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Ministers accused of using Afghan crisis to push civil servants back to office

Ministers accused of using Afghan crisis to push civil servants back to office
‘It’s scapegoating for political failure’, says union leader

Ministers have been accused of using Afeganistão crisis to push civil servants back into the office following claims that working from home had obstructed the government’s evacuation efforts.

The FDA trade union – which represents senior civil servants – said anonymous accusations that government staff had not worked efficiently enough during the recent crisis were “completely unfounded”.

It follows an unnamed minister attacking the “culture of absenteeism” in Whitehall, telling the Mail on Sunday: “People were left to the Taliban who could have been saved.”

Dave Penman, general secretary of the FDA, contado O Independente: “It’s the worst kind of scapegoating of civil servants for political failure.”

The union leader added: “To suggest people have died because of civil servants working from home is outrageous. Anonymous ministers know they can throw these accusations and civil servants can’t respond. It’s cowardly.”

It comes as reports suggest that government departments could face deadlines and targets to force staff to get back into the office as the Covid crisis begins to ease.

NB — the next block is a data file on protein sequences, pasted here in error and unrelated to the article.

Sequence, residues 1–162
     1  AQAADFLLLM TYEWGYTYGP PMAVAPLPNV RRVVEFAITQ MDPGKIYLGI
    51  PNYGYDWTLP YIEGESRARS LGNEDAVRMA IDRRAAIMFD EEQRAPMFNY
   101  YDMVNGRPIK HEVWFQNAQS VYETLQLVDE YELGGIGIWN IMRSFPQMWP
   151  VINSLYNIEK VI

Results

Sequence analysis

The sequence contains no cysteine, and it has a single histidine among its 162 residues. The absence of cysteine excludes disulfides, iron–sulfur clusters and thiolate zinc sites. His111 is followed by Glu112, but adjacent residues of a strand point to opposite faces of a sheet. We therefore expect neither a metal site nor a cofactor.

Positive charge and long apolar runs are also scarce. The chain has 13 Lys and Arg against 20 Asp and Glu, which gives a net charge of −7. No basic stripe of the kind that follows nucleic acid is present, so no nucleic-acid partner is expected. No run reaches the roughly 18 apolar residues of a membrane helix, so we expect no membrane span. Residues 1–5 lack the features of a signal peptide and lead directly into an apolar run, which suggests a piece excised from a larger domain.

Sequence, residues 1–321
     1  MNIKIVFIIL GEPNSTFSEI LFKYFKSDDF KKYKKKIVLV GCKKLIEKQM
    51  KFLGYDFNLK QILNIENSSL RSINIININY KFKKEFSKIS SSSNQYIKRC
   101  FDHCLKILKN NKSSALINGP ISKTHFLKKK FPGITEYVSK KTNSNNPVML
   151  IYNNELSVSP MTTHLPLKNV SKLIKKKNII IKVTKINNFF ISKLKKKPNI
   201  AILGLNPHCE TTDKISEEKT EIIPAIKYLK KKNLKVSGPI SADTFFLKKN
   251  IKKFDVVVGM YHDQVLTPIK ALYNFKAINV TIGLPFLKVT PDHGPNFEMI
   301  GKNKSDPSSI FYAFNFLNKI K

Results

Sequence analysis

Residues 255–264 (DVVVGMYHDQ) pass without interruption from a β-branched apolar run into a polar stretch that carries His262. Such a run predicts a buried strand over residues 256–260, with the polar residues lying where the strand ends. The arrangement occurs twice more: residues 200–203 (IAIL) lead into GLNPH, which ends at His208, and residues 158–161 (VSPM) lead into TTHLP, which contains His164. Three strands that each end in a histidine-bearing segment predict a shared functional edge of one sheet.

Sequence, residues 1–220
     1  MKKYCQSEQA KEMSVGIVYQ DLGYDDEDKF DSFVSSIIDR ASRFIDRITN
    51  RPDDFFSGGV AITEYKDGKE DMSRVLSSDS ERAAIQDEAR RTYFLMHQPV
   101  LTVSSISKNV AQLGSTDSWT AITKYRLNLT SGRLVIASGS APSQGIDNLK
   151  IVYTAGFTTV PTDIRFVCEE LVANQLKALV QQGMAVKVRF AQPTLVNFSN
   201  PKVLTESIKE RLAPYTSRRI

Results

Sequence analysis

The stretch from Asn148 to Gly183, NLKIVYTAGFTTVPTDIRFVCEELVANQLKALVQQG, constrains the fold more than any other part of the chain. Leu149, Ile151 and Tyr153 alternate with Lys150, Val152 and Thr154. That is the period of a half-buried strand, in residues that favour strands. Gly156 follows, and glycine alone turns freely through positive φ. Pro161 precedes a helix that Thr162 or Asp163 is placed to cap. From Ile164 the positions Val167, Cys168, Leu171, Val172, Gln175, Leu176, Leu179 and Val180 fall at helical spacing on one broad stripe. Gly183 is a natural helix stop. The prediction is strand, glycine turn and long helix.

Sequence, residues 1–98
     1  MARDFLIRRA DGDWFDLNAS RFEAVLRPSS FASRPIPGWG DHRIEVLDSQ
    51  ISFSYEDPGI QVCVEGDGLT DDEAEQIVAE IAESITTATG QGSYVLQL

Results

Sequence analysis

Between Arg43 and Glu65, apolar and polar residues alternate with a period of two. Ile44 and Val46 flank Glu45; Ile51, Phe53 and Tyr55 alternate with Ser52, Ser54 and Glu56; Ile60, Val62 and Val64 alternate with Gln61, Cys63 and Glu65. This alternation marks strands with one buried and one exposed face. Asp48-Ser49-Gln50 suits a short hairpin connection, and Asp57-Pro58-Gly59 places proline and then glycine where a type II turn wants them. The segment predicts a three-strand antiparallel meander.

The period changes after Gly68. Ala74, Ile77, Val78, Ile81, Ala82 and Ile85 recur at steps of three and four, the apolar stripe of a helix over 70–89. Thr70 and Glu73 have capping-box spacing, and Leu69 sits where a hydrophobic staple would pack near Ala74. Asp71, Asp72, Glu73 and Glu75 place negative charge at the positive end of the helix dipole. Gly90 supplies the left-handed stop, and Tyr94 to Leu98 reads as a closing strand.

Boris Johnson used his Conservative Party conference speech to say Britain “must see people back in the office” and claimed: “A productive workforce needs that spur that only comes with face-to-face meetings and water-cooler gossip.”

But Mr Penman said flexible working and the push to get more staff working outside of London was part of the government’s agenda even before the pandemic.

“Civil servants are up in arms about this," ele disse. “They are wondering what this obsession is about. It doesn’t seem to be about finding efficient ways of working – at the moment it seems to be about making civil servants a convenient scapegoat for failures.”

Mr Penman told O Independente that the FDA would reject any attempt to introduce quotas so each government department was forced to have a certain percentage of staff in the office.

Ele adicionou: “If there is a push to introduce quotas it will create completely unnecessary logistical challenges for the government. It would be so counterproductive.”

The union leader also pointed out that many parts of Whitehall are already down to very low desk numbers because of cost-cutting before the Covid crisis. “In the Cabinet Office they only have three desks for every ten staff.”

Downing Street insisted that there were no plans to set out precise targets for the number of civil servants who should be working from their offices rather than from home.

Boris Johnson’s official spokesman said on Monday: “We are seeing a steady return of civil servants to in-office working. That’s what we would expect not just in the civil service, but in the private sector as well, and that will continue.”

The PMs spokesman it was for individual departments to monitor how many civil servants should return to the office.

The Cabinet Office also responded to the anonymous claims that sensitive documents could only be in government offices during the Afghanistan crisis, and the evacuation effort suffered from the lack of staff in the office.

A spokesman said: “We reject these claims. The Cabinet Office and its staff played an instrumental role in the success of Operation Pitting, working around the clock and helping to deliver the biggest and fastest emergency evacuation in recent history.”